Southern Africa is home to a particularly rich insect diversity, yet the fascinating stories about them have mostly remained hidden in scientific papers. This lavishly illustrated and authoritative book highlights and illustrates interesting, often remarkable, aspects of insect life, and emphasizes their environmental importance as ecosystem service providers.
Organized around 13 distinct biomes within the region, Pollinators, Predators & Parasites covers insects endemic to each system as well as those more widely distributed. It reflects the importance that insects fulfill as essential participants in most ecological processes – from pollination, predation, parasitism, soil modification and nutrient recycling to food for multitudes of other organisms including bacteria and fungi as well as specially-adapted plants and specialized, insect-feeding arthropods, reptiles, birds and mammals.
Most of the phenomena and insects involved are illustrated in some 2,000 photographs that accompany the accessible text. A guide to each of the 25 insect orders found in southern Africa is included, with images showing their diagnostic characters.
The authors hope that providing an intimate insight into the beauty and importance of insects will help to emphasize their value and promote conservation of these key players of the natural world.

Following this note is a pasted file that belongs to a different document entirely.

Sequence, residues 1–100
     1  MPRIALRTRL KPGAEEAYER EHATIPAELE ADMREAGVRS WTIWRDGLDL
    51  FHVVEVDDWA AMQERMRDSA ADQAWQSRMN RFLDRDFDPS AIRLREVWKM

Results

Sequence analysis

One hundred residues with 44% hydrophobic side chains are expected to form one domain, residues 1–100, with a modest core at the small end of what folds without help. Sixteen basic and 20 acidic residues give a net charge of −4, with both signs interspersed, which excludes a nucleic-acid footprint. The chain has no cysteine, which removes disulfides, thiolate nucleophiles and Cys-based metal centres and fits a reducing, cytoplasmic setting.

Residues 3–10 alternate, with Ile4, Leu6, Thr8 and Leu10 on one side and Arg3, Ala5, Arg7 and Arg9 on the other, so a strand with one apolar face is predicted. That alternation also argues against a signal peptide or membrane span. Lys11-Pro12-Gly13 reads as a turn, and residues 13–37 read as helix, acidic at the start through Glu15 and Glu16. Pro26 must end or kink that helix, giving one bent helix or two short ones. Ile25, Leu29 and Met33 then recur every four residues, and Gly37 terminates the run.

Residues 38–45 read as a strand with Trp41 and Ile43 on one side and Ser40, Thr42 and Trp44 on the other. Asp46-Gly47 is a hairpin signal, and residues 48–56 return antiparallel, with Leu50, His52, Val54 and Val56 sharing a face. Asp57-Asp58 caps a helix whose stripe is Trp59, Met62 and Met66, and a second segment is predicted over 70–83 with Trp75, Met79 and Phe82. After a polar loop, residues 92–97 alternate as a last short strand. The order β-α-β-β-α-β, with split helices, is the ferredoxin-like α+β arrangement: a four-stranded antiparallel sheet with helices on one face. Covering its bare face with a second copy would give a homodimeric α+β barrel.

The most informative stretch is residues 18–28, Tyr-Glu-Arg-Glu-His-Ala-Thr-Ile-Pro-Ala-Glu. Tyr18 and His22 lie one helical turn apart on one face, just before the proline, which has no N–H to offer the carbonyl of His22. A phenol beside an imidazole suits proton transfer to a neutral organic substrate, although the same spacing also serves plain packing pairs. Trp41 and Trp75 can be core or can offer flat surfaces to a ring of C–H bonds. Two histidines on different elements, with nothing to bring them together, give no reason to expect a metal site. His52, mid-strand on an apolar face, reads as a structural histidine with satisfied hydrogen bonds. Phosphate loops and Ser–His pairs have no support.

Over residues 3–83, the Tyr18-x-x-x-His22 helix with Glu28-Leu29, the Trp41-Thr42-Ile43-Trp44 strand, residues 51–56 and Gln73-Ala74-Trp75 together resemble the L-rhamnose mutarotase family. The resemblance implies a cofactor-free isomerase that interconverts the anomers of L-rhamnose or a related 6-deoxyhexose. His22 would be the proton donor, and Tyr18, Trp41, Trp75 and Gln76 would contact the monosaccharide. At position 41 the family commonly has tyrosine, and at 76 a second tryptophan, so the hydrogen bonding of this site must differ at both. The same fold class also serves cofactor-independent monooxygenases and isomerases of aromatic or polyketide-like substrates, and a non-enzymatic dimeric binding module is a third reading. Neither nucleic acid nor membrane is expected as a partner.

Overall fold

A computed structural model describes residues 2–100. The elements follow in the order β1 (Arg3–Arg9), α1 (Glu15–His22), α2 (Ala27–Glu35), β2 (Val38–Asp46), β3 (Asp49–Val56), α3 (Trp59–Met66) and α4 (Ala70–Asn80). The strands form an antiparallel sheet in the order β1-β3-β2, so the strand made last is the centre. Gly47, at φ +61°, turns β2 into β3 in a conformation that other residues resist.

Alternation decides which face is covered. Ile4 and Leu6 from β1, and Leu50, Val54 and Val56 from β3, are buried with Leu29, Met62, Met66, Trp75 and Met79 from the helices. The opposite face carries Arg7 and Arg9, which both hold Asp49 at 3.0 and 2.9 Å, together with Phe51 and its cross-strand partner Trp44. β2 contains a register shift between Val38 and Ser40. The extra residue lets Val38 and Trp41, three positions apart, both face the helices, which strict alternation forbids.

Dr Clarke Scholtz is Professor of Entomology in the Department of Zoology and Entomology at the University of Pretoria. His research interests have mainly focused on the systematics, biology and conservation of dung beetles and their relatives. He manages a group of about 10 dung beetle researchers, including post-graduate students, post-doctoral fellows and research fellows.
Jenny Scholtz studied nature conservation and worked for a conservation non-governmental organisation. Her focus later turned to the study of insects, culminating in her co-authoring this book. She lives on a Karoo farm and is involved in a broad spectrum of conservation and environmental issues.
Hennie de Klerk studied and worked in the field of metallurgy but has nurtured a life-long interest in insects. Over many years, armed with camera and macro lens, he has dedicated his leisure time to photographing creatures in the wild, focusing on insects and bird behaviour. Since retiring three years ago he has immersed himself in the study of insects.